And he said to them, “Suppose one of you has a friend, and you go to him at midnight and say to him, ‘Friend, lend me three loaves of bread; for a friend of mine has arrived, and I have nothing to set before him.’ And he answers from within, ‘Do not bother me; the door has already been locked, and my children are with me in bed; I cannot get up and give you anything.’ I tell you, even though he will not get up and give him anything because he is his friend, at least because of his persistence he will get up and give him whatever he needs.
“So I say to you, Ask, and it will be given you; search, and you will find; knock, and the door will be opened for you. For everyone who asks receives, and everyone who searches finds, and for everyone who knocks, the door will be opened. Is there anyone among you who, if your child asks for a fish, will give a snake instead of a fish? Or if the child asks for an egg, will give a scorpion?
If you then, who are evil, know how to give good gifts to your children, how much more will the heavenly Father give the Holy Spirit to those who ask him!”
New Revised Standard Version, copyright 1989, by the National Council of the Churches of Christ in the United States of America. Used by permission. All rights reserved. USCCB approved.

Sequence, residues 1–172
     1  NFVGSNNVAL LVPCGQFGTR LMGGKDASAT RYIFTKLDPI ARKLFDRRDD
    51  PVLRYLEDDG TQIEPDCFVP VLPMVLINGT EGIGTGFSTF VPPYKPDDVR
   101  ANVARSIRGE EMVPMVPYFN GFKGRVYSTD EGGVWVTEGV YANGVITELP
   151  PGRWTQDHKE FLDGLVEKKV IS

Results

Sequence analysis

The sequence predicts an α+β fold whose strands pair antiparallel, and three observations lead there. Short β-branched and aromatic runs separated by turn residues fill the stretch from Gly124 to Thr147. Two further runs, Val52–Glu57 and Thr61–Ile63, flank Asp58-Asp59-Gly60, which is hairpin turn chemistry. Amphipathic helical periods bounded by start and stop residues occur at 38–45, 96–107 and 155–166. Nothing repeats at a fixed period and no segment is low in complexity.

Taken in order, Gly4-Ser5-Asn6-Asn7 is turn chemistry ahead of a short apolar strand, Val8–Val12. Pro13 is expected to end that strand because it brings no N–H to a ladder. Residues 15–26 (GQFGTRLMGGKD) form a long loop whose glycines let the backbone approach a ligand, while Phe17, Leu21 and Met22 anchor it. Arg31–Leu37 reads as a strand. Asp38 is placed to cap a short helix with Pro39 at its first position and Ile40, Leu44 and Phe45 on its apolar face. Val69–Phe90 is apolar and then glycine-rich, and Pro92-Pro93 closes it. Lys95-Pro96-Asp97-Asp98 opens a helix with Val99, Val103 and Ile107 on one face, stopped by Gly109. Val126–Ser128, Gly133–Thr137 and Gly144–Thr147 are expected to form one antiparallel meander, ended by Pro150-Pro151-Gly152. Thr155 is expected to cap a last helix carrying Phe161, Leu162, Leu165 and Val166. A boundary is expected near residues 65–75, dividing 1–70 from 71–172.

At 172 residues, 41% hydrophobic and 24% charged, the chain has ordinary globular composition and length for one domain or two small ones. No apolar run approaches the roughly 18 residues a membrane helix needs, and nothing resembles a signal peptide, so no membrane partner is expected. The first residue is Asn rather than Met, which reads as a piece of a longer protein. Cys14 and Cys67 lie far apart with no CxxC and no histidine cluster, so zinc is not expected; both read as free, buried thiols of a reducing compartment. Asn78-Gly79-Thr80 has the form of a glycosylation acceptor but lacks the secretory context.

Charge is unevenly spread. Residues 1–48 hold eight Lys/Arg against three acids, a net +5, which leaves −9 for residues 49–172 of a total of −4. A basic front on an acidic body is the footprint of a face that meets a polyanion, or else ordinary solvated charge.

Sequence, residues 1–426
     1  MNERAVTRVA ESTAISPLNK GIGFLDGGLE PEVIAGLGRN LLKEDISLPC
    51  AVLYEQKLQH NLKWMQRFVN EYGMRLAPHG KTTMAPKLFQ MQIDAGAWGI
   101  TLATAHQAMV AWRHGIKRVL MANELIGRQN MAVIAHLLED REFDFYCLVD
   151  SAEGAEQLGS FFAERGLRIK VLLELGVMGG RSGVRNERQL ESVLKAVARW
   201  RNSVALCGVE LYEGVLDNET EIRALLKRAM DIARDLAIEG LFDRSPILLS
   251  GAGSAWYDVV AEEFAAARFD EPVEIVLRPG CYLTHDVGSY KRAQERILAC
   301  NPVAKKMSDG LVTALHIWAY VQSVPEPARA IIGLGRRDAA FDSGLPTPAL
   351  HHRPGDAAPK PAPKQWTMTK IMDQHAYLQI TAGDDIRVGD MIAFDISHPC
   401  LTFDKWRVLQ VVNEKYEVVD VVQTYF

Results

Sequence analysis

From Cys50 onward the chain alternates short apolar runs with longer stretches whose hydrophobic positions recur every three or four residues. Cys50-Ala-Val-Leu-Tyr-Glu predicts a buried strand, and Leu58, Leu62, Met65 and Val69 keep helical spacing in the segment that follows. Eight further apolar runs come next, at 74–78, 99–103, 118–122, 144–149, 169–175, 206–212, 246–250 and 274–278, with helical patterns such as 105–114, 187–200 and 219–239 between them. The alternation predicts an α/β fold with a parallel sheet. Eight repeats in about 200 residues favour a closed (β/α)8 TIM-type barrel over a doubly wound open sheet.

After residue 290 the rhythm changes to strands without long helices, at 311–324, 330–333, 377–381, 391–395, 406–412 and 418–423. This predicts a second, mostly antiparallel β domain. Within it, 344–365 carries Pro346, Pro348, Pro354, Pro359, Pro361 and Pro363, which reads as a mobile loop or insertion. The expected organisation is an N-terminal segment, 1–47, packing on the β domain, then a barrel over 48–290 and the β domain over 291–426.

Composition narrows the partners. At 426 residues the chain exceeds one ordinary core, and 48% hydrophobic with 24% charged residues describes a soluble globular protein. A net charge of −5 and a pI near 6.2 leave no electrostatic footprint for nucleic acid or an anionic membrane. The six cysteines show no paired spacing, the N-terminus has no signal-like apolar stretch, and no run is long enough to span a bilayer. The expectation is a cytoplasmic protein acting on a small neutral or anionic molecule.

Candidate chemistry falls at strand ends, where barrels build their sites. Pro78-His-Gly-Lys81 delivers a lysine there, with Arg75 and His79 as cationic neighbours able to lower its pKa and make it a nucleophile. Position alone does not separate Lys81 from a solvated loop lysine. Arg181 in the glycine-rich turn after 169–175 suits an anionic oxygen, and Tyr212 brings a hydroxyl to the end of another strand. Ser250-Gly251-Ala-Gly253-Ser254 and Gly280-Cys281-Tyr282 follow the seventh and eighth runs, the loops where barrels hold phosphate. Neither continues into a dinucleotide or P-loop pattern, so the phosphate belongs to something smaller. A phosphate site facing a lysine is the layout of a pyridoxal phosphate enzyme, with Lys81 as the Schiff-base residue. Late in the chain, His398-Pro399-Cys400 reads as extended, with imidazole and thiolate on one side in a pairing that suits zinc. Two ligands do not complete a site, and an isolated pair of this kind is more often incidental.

Personally, I don’t want a rash of unprepared neighbors beating on my door at midnight asking for something that could wait until morning. “Hey, sorry to bother you while you sleep, but I was wondering if I could borrow your lawn edger.” No. That’s a terrible idea, and I don’t think Jesus is advocating for that. In today’s Gospel, the unprepared neighbor has a little more at stake than my thoughtless neighbor doing lawn work at 1am. The neighbor in the Gospel is put into the position of living up to a strict code of hospitality. Unprepared to meet this societal obligation, he asks his friend for aid, likely ashamed because he knows it’s unreasonable, but persists because of the need’s importance. The friend in the parable is also understandable in his reluctance to open the door but still meets his obligation as devoted friend and one who respects the norms of the culture.
Jesus, as he often does to us, switches our lens on his proposition: what if we are not the awakened neighbor, but the one unexpectedly in need? Should we fear asking for something important or deeply desired? What if we’re not asking a fallible human neighbor but our infinitely merciful God for help? Can God be annoyed? Will God tell us to go away? Jesus assures us God would not. We absolutely should ask for what we desire. God may not answer us in the way we expect, but God will answer and likely with something much more appropriate. If we ask God for a lawn edger, we should be confident we will not be sent away with a monkey wrench. But we may need to be prepared for God to send us home with something even more useful.
Jesus, please help me to really know my deepest desires, the desires I know you have for me as well. Guide me with the words to ask the Father for those desires. Give me a deeper understanding of myself and the grace of God’s patience as I fumble to express what I truly want and need.
—Jim Broderick KingPlease share the Good Word with your friends!